Think. Discuss. Act. Advertising

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Review: Women In Advertising

Jacobs, S. (1995, November 7). Women in Advertising: Man is She Angry! When it Comes to ’90s Women, Madison Avenue Decides that Rage Sells. The Boston Globe, pp. 59, 63.

Summary

(Download Women in Advertising overview as a PDF)

Coca Cola is selling Diet Sprite. In the TV commercial (test run in certain areas) a woman with perfectly coiffed hair and a stylish, trim business suit sits down at a bar next to a stranger. Without introduction she begins:

All men are liars. They say they love you, but they don’t. They say they love kids but forget to tell you they already have two. They tell you the bandage on their finger is from fishing.

Pausing, she grabs his drink, takes a swig-and then asks what it is. The man answers amiably that it is a Diet Sprite. Staring at him in disbelief, she sips the drink and asks again. Then suddenly she throws the drink in his face, spits out, “Liar,” and marches off. What’s going on here?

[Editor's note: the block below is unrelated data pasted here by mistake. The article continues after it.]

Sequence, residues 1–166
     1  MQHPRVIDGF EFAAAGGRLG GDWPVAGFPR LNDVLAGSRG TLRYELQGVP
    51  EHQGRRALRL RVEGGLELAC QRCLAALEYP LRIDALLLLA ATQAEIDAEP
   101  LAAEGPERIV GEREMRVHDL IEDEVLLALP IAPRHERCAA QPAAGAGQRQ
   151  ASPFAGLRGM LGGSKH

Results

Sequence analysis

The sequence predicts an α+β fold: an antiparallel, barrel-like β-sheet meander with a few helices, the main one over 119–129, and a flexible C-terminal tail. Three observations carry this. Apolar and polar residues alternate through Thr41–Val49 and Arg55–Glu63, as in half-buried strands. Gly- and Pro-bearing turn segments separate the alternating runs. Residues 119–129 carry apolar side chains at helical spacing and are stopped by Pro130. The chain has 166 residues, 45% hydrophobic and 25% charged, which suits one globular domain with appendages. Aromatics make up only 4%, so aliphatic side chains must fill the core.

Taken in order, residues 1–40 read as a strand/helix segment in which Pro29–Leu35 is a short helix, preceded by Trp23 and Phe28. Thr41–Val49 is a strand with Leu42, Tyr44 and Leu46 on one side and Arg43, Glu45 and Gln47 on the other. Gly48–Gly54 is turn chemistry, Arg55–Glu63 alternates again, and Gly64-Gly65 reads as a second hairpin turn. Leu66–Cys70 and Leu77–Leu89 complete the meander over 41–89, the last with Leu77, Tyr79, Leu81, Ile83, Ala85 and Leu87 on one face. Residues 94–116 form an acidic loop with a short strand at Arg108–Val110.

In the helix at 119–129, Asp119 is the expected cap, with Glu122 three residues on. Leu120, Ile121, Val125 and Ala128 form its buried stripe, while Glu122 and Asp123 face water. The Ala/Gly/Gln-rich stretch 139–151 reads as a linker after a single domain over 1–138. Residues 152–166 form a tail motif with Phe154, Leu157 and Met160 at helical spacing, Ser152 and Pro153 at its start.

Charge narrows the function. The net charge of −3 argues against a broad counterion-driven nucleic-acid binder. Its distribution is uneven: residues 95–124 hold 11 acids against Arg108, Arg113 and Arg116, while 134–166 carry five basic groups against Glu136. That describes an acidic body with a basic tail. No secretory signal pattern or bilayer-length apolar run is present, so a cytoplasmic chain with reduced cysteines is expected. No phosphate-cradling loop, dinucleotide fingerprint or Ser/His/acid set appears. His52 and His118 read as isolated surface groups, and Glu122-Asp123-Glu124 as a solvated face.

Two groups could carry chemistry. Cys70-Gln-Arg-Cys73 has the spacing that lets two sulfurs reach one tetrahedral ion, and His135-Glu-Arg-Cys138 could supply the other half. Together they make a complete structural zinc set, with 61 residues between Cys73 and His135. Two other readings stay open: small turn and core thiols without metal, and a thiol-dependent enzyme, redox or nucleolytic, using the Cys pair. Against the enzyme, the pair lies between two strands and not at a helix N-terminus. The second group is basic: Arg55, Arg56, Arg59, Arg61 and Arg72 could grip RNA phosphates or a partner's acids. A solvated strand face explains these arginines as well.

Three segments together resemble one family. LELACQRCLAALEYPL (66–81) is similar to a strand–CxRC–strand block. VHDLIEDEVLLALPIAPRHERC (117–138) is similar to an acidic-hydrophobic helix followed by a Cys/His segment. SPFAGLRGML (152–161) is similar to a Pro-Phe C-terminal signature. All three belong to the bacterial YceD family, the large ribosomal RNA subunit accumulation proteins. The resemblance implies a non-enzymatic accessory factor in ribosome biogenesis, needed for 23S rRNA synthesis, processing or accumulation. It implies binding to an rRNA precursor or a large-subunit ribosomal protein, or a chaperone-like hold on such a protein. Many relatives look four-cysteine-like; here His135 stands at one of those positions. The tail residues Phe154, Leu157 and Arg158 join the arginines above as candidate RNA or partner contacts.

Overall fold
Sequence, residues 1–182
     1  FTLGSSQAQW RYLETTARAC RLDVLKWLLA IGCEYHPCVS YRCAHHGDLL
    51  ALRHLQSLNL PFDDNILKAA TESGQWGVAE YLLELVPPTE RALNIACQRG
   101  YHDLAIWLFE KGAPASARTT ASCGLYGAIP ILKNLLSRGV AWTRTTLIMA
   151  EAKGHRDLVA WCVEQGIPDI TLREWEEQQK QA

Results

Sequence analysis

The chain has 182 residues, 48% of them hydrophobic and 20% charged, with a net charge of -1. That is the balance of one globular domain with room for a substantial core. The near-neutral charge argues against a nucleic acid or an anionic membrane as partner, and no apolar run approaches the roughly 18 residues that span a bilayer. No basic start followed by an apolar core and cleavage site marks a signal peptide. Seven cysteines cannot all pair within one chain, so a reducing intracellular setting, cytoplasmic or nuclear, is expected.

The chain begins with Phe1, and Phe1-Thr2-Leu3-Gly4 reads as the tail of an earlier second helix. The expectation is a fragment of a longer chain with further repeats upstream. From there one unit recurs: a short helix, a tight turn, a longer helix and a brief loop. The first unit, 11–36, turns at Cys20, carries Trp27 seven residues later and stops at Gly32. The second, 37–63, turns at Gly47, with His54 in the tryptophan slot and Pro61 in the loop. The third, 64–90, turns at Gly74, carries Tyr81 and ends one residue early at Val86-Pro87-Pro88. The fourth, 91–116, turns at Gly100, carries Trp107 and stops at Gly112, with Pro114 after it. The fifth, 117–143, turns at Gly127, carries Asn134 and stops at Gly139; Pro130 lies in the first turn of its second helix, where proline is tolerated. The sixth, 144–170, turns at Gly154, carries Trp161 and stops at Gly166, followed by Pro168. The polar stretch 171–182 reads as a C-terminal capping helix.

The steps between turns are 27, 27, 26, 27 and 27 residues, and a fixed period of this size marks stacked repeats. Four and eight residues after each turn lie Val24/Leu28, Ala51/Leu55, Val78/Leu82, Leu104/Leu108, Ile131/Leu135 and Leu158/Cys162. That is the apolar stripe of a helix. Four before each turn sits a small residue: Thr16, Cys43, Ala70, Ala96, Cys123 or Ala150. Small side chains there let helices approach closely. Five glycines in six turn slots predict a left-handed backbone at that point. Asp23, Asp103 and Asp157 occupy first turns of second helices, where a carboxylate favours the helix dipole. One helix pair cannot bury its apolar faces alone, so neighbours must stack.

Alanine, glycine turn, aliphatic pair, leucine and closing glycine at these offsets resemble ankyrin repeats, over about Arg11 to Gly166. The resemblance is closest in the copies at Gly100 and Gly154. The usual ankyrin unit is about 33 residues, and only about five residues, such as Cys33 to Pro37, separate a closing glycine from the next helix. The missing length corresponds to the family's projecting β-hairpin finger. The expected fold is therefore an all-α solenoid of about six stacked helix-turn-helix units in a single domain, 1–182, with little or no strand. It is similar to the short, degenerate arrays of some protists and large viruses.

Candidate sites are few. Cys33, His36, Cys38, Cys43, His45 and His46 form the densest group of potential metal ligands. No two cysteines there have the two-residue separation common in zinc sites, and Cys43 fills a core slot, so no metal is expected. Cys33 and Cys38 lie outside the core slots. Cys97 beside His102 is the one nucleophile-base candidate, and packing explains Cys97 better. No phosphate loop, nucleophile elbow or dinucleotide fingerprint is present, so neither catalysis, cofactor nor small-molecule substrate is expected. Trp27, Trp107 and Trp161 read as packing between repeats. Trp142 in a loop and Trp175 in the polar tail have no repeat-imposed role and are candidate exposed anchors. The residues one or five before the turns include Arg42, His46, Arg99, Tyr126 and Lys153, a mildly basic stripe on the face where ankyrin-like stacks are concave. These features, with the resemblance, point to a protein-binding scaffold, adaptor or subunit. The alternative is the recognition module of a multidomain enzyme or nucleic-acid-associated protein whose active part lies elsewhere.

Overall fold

The Avalon magazine ad shows a well dressed couple at a table. With pouted lips she dumps a bowl of ice cubes into her companion’s lap. It looks like the glasses and bottle of spring water will follow. He is looking down at his crotch in dismay. The text states: “Do What Comes Natural.”

The stereotype of the 1990s woman is that of the male-bashing angry professional-“mappies”-as dubbed by Barbara Lippert of Adweek. A string of ads fosters this image. A bald, screaming woman in a Levi’s ad explains: “Getting It Off Her Chest.” Suburu’s TV commercial shows a woman working on her car in denim. She murmurs about how condescending men are, how much she knows about the world of sports. Bob Garfield, an advertising critic with Advertising Age, analyzes the message of that ad: “Men are scum. Buy Suburu.” A 1993 Hyundai commercial uses two women to carry on a raunchy, not-so-subtle commentary of men’s genitals-putting down their expensive sports cars by implication. A popular Diet Coke ad shows women oogling a half clad construction worker. What do these advertisements suggest?

Some women are concerned that these ads are creating a new stereotype of women as “hysterical shrews who’d have been better off if they stayed home.” Lippert adds:

What it’s saying is working women don’t have their emotions under control, that they are really angry and empty-wombed. They should really be at home in the kitchen. Their problems stem from defying nature. So now they’re hysterical, over-employed and under-fulfilled.